By Scott Jaschik at Inside Higher Ed
“The Silence of the Deans” is a two-page document in which the dean of the School of Public Health at the University of Saskatchewan, Robert Buckingham, recounts a meeting of deans, vice presidents, and the most senior administrators of the university in December 2013. At the meeting, Buckingham wrote, President Ilene Busch-Vishniac said that if anyone publicly disagreed with Transform US, her reorganization plan for the university, their “tenure would be short.”
Busch-Vishniac was true to her word. Buckingham’s document not only detailed the way deans were told to back the project, but explained why he didn’t. He said that parts of the plan that would place the public health program into the medical school could endanger the public health program’s accreditation — and he included documents showing that accreditation could be endangered, as well as a warning he received from the provost telling him not to talk in public about his concerns about accreditation.
The day after the document was released, Busch-Vishniac had Buckingham fired — initially from both his dean’s position and a faculty job, although following a day of protests from many Canadian academics, she said he could hold on to his faculty job. But in a statement, she reiterated her belief that deans must never disagree with the president in public.
“Dr. Buckingham is not only permitted but encouraged to have opinions that might disagree with those developed by top administrators,” she said. “However, once a decision is made at the institutional level, all senior leaders must publicly conform to that decision or resign their leadership role.”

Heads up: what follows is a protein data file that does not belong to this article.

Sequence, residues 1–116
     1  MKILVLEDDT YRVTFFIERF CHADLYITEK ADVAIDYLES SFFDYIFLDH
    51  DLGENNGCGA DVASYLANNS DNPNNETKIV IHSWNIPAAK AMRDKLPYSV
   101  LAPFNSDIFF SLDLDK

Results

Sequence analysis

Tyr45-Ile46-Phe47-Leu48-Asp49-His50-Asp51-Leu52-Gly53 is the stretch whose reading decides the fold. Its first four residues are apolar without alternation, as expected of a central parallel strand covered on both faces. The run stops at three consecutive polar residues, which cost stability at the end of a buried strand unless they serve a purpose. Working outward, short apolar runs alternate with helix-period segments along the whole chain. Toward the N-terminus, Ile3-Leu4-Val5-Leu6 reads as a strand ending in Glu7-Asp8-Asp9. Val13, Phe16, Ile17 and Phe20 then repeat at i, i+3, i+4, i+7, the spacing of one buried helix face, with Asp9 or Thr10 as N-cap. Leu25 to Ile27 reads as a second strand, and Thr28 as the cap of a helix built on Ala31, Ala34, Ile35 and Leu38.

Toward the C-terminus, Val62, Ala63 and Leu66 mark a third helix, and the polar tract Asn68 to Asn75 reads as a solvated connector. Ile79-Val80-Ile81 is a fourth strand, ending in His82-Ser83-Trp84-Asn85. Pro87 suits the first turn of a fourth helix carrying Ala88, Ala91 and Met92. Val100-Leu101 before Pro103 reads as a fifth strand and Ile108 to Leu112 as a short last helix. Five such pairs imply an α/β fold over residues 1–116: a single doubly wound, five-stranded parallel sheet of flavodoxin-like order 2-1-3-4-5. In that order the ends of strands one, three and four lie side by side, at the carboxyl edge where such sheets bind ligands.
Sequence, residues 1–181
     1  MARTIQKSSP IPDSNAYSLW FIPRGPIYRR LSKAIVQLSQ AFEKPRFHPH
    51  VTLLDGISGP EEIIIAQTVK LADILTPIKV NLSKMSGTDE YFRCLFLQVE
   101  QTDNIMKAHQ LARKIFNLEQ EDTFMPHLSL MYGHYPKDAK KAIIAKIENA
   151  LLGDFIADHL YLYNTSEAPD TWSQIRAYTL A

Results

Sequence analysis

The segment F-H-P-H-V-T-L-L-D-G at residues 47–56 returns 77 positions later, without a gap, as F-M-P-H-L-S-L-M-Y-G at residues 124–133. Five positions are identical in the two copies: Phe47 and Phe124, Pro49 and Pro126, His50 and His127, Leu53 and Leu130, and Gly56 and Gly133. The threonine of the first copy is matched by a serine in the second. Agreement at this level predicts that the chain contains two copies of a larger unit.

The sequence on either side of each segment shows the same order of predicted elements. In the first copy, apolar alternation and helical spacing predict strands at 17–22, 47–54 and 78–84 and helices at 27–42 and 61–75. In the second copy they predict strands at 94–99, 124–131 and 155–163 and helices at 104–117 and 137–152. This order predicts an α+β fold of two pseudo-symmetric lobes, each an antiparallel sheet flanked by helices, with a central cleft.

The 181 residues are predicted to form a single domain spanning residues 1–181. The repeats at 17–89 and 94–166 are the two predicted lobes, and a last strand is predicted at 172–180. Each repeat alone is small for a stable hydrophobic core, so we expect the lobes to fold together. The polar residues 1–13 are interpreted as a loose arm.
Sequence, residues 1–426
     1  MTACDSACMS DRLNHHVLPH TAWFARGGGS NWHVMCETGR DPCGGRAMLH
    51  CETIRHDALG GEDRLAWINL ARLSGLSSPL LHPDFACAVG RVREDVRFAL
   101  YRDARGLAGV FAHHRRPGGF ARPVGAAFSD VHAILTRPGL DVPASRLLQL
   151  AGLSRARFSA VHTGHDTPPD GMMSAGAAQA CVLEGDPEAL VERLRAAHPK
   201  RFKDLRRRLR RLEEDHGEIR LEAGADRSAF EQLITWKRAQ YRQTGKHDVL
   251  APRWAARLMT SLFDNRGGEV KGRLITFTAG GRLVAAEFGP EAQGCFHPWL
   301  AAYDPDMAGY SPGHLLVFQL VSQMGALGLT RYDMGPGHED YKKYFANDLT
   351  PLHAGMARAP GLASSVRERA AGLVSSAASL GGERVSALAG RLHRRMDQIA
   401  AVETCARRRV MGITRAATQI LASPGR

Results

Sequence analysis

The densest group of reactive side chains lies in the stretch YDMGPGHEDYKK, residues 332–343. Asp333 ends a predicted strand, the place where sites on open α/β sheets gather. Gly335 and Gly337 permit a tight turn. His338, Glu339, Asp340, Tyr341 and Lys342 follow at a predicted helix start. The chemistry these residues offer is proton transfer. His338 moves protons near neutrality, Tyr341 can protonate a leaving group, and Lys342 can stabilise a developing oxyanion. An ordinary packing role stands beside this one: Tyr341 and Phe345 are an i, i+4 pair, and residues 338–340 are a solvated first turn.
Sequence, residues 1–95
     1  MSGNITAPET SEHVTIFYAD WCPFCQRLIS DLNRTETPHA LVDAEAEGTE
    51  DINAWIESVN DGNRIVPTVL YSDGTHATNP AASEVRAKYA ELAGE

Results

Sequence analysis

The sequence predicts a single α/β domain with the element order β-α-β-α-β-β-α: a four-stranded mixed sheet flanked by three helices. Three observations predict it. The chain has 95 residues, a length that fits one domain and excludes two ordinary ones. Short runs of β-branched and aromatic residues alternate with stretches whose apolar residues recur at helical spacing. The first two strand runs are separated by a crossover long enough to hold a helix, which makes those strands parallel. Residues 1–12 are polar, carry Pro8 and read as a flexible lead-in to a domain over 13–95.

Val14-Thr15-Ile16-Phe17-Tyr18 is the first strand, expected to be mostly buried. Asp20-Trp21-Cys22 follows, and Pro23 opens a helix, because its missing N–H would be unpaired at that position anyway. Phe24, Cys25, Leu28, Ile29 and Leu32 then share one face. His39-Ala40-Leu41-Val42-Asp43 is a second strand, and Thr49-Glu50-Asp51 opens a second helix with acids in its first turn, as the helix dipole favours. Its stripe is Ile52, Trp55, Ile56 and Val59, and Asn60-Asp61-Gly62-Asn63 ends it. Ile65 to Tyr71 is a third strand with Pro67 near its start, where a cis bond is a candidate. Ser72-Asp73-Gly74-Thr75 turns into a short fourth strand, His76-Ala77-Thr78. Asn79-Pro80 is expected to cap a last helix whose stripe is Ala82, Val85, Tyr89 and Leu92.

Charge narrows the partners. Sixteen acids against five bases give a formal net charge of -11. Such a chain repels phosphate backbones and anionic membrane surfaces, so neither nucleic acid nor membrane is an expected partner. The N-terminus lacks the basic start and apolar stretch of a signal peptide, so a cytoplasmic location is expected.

Buckingham’s firing attracted considerable attention in American academic circles from people who don’t normally follow the University of Saskatchewan or have strong feelings about its public health school. That’s because of the issues it raises about academic leadership.
In much of the business world, hierarchies are clear and middle managers are expected not to publicly disagree with their bosses. But in academe, traditions are different. Faculty members routinely blast their bosses’ decisions, and that’s part of the tradition of shared governance. But what of deans, who are academic leaders, generally with deep academic roots? Does the nature of academic freedom and shared governance protect them, or must they be yes-men (and women)?
For non-academic administrators, courts in the United States have backed the authority of colleges to dismiss administrators who take public positions contrary to those of their institutions. Federal courts found, for example, that the University of Toledo was within its rights to dismiss its head human resources administrator in 2008 when she wrote a letter to the editor taking issue with gay rights. She sued, arguing that her free speech was being violated. But a district court and then an appeals court found that the university was legally entitled to not have someone in a human resources position speaking against the equity stance of the institution.
Even some champions of free speech for faculty members say that the rights of administrators are limited.
Robert O’Neil, former president of and professor of law at the University of Virginia, and author of Academic Freedom in the Wired World: Political Extremism, Corporate Power, and the University (Harvard University Press). said that faculty members “who hold academic deanships enjoy somewhat less freedom” than they do in their professorial roles. He explained, using the former Harvard president as an example, that “Larry Summers enjoyed complete freedom to speak on gender disparity as an economist but not necessarily as president.”